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Mapping a Food Web

It’s not every day that kindergartners get to see a live hedgehog and Madagascar Hissing Cockroaches. Thanks to the PNW BOCES Center for Environmental Education, they got to see those animals and a tortoise, too, over Zoom. 

The creatures are part of a lesson about food webs, which are the complicated structures that show who eats what on our planet. Educator Emily Groth delivered the interactive presentation several times to different classes, explaining that a food web is all the food chains put together. When she asked the students how plants eat, James Bojorquez, in Gina Sebastiano’s class, knew the answer,

“Plants get their food from water and the sun,” said James.

The classes learned that every living thing has its own job to do on earth, including the decomposers, such as worms and the cockroaches, who clean up any living thing that has died, from plants to animals.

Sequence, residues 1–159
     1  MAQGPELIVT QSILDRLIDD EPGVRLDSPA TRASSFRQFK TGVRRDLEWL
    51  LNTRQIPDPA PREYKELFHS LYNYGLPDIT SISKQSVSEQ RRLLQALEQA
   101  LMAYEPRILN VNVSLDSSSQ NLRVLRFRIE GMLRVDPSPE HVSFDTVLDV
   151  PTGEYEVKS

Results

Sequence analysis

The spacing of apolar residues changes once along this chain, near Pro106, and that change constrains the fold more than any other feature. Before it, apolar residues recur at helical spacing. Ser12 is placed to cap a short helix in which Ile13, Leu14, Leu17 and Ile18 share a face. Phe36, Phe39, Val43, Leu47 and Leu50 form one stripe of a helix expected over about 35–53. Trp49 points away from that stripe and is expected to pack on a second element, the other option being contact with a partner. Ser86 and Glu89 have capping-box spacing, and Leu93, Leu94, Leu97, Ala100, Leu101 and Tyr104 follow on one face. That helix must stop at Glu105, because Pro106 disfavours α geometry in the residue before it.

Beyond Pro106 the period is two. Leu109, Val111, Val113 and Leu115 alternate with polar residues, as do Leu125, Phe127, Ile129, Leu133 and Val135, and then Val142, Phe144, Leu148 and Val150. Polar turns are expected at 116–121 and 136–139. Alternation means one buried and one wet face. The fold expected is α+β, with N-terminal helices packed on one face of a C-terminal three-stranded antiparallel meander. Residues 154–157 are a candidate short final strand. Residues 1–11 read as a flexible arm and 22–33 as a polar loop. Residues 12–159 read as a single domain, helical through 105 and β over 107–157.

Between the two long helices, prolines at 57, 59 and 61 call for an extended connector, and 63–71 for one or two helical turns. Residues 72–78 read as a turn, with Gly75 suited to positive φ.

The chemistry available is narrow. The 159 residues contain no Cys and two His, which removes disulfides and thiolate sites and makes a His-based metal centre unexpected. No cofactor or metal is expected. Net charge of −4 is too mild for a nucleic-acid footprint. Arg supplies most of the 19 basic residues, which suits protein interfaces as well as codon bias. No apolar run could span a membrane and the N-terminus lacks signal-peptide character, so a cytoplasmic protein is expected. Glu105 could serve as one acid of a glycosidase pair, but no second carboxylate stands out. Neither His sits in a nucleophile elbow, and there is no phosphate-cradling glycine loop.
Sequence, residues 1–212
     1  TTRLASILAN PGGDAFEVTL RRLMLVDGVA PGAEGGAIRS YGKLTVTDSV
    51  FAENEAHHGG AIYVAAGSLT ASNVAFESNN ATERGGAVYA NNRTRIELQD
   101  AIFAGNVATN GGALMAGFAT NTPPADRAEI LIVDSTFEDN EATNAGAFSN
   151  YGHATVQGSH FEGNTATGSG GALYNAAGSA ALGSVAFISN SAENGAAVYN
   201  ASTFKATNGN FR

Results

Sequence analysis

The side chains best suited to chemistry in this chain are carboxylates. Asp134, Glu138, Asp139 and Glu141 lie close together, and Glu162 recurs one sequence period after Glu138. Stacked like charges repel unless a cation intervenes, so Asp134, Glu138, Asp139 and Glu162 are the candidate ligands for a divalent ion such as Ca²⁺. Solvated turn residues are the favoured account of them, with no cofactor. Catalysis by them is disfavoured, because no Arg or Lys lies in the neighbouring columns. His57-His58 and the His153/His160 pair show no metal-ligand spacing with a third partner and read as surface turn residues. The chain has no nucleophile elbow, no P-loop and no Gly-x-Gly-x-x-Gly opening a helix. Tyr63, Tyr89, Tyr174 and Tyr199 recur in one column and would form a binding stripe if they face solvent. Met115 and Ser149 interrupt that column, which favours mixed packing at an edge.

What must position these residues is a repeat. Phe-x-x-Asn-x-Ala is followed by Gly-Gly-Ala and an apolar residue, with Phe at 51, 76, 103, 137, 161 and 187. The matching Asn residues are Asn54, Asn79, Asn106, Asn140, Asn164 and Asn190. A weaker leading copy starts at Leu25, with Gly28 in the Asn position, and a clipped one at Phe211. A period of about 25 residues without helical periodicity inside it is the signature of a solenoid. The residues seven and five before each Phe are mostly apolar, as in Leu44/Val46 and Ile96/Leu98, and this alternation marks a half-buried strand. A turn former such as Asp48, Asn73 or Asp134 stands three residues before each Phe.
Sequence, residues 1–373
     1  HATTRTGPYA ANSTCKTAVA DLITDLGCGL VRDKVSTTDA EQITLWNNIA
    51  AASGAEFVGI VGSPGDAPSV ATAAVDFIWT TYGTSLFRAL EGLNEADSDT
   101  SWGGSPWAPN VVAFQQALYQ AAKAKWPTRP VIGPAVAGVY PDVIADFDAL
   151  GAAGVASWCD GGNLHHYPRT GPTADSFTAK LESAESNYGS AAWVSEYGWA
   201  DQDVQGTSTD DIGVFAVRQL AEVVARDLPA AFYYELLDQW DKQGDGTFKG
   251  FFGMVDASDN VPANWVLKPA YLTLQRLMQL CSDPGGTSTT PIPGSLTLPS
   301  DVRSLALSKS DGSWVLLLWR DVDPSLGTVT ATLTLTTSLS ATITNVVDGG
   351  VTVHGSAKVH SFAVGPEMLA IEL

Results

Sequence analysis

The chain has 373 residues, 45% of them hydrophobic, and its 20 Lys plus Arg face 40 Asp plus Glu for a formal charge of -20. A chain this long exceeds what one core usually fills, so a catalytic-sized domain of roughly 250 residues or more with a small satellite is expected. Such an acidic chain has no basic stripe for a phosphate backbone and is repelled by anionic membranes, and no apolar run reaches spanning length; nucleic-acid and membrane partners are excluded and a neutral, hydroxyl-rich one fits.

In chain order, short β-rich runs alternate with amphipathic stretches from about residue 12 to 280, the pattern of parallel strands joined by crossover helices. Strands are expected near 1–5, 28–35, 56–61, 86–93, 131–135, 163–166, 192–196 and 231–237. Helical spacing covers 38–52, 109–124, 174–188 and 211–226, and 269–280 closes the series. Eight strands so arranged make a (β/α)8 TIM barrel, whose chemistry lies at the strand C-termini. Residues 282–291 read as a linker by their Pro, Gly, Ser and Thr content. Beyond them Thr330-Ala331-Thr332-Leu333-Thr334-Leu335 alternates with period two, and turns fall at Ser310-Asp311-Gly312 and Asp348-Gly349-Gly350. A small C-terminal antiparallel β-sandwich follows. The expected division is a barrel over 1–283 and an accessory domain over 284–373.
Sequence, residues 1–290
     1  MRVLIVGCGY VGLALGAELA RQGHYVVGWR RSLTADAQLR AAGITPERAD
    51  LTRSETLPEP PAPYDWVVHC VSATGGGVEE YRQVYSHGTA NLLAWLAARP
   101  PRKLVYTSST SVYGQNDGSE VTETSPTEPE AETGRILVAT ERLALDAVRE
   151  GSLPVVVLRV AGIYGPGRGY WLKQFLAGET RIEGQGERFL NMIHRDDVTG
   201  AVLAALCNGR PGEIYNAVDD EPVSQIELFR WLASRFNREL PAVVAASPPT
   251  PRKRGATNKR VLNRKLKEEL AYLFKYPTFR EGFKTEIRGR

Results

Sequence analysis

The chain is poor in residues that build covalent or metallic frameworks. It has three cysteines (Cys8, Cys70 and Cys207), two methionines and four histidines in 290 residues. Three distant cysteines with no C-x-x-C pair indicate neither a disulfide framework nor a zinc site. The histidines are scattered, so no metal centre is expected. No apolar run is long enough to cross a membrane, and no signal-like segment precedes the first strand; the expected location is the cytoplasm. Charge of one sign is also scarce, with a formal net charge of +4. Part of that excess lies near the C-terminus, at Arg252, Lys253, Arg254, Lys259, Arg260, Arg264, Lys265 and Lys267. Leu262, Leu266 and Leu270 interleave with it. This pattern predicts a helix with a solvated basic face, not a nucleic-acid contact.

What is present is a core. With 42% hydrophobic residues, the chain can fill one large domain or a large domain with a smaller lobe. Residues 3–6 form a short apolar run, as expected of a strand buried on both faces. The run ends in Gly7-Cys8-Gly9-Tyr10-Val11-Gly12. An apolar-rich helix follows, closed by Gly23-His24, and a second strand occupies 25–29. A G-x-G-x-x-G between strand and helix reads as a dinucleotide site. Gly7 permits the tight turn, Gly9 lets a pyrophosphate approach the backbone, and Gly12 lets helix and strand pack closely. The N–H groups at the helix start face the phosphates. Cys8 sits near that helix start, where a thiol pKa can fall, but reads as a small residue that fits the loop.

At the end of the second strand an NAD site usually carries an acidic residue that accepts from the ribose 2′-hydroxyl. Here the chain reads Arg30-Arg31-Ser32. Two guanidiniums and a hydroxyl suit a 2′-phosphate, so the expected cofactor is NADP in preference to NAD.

“You may be thinking that’s kind of gross,” said Groth, “But imagine what our earth would look or smell like if we didn’t have our clean-up crew.”

The students met Miss Bethlehem, the hedgehog, when learning about small carnivores. The spiny mammal was taken in by a hedgehog adoption organization before starting her career as an educator.

“Why do carnivores eat meat?” Beckett O’Donovan asked.

“Over a long period of time,” said Groth, “All animals develop their preference in food based on whatever they think gives them the most energy.”

The kindergarteners wrapped up their lesson with a mission. They were told to find a plant outside their classroom window, draw it, and create a food web starting with that plant.